Do These 8 Things to Your Fruit Trees Before Winter

Don't neglect your fruit trees just because the growing season is winding down. Here are 8 things to do for your fruit trees this fall.

Our editors and experts handpick every product we feature. We may earn a commission from your purchases.

1 / 8

Protect Young Fruit Trees Against Rodents

Place tree guards around the trunk of young fruit trees to protect against nibbling by rabbits, field mice and other rodents. You can use a section of flexible white plastic drainage pipe or these spirals made of coiled vinyl. Make sure the tree guard extends an inch below ground and up to the lowest branches of the tree.

Photo: Courtesy of Amazon

2 / 8

Protect All Fruit Trees Against Frost Cracking

In cold areas of the country, fruit trees and other thin-barked tree species are prone to frost cracking, or southwest injury. It happens when sap warms up where sunlight hits the trunk on a warm winter day, only to freeze suddenly when temperatures drop. This causes unsightly trunk cracking that hurt the tree’s ability to take up moisture and nutrients and leaves an opening for insects. Protect the bark with tree wrap and remove the wrap in spring after the last frost. Here are our best tips for growing fruit trees in your own yard.

Photo: Courtesy of Amazon

3 / 8

Mulch Around Trees

Add a base of woodchip mulch around fruit trees to discourage competing grass and weeds. Wait until after a hard frost to spread the mulch so moles and field mice don’t take up residence in the woodchips beforehand. Add 2 to 3 inches of woodchips, spreading the mulch as far as the dripline (the outer reach of the tree-branch canopy). Keep woodchips several inches away from the tree trunk to avoid causing issues with insects and disease. Learn about different types of mulch in our Mulch Guide.

4 / 8
Iris photo/Shutterstock

Clean Up Around Trees

Some insects and diseases overwinter in plant debris. For example, apple scab is a common disease found on apple trees and is caused by spores released from dead apple leaves and fruit left on the ground. And apple maggots overwinter in fruit left on the ground for more than a few days. By removing and destroying the fallen leaves and fruit in a timely manner, you can break the cycle without using chemicals. Here are some awesome tools to help with cleanup, harvesting and other yard duties.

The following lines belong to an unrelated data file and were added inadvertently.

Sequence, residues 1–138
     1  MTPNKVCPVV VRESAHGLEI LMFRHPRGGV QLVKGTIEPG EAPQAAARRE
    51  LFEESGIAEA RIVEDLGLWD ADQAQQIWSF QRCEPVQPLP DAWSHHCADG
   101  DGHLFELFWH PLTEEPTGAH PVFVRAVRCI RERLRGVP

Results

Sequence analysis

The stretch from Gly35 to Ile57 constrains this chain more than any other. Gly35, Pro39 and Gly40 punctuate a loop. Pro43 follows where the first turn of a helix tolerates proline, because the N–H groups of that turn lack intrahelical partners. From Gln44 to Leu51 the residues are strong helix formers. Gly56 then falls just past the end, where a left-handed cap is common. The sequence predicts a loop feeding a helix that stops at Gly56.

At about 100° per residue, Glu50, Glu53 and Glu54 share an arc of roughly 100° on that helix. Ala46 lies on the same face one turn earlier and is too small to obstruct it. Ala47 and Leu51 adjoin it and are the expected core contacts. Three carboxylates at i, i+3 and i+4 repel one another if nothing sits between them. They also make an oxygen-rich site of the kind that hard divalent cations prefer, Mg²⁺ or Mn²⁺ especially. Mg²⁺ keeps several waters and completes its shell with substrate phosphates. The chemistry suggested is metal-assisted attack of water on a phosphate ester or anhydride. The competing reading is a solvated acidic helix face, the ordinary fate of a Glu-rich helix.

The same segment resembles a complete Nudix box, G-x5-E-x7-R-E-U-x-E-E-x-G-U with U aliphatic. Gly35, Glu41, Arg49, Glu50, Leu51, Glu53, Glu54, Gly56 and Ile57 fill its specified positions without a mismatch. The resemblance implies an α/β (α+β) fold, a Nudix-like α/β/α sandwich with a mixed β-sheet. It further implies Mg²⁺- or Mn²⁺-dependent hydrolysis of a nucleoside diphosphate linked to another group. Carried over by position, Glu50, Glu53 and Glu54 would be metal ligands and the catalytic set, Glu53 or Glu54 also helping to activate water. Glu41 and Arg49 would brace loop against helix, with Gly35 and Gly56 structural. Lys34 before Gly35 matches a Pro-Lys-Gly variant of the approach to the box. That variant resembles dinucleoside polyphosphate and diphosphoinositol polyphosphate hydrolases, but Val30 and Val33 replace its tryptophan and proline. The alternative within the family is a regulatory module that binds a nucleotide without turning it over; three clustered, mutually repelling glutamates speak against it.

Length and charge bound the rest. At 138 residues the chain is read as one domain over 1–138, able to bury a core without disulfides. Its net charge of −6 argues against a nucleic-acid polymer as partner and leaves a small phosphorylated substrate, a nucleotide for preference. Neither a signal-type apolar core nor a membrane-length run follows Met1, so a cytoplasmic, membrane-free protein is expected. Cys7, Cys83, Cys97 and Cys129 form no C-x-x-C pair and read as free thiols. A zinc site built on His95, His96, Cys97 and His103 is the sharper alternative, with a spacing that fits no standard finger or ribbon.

5 / 8
Mykola Mazuryk/Shutterstock

Harvest Fall-Bearing Fruit Trees

Pick pears before they mature (they’ll be firmer than pears ripe for eating) and let them ripen indoors in a cool room such as a basement. When picking apples, grasp the apple from the bottom and gently twist the fruit upwards to one side. Save the “cleanest” fruits (those without cuts or blemishes) for storage, eating the imperfect ones first because those would be the first to turn. Keep fruit refrigerated in cold storage for longest shelf life.

6 / 8

Water Well

Keep fruit trees well watered until late fall. This is especially important if rainfall is in short supply. Water deeply—1 to 2 inches at a time—so moisture penetrates fully into the root zone. You can set up a timer and either a soaker hose or drip irrigation system. If overhead watering, set out a pan to measure how much water has been dispersed. See how to install a drip irrigation system yourself.

7 / 8

Wait to Fertilize

Fall is not the time to fertilize most fruit trees. Fertilizing in fall may cause the development of new growth, which won’t harden off in time for winter. In cold climates, it’s best not to fertilize fruit trees after July 1. Exception: in warm climates, young citrus trees can be fertilized every 2 to 3 months in fall and winter.

Photo: Courtesy of Amazon

8 / 8

Thwart Insect Pests

Fall is a good time to apply an insect barrier, such as Tanglefoot, for such pests such as gypsy moths, cankerworms, weevils, ants, caterpillars, moths and cutworms. The sticky solution is long-lasting and weatherproof and traps bugs as they crawl up the tree to find winter hiding spots.

Photo: Courtesy of Amazon

Luke Miller
Luke Miller is an award-winning garden editor with 25 years' experience in horticultural communications, including editing a national magazine and creating print and online gardening content for a national retailer. He grew up across the street from a park arboretum and has a lifelong passion for gardening in general and trees in particular. In addition to his journalism degree, he has studied horticulture and is a Master Gardener.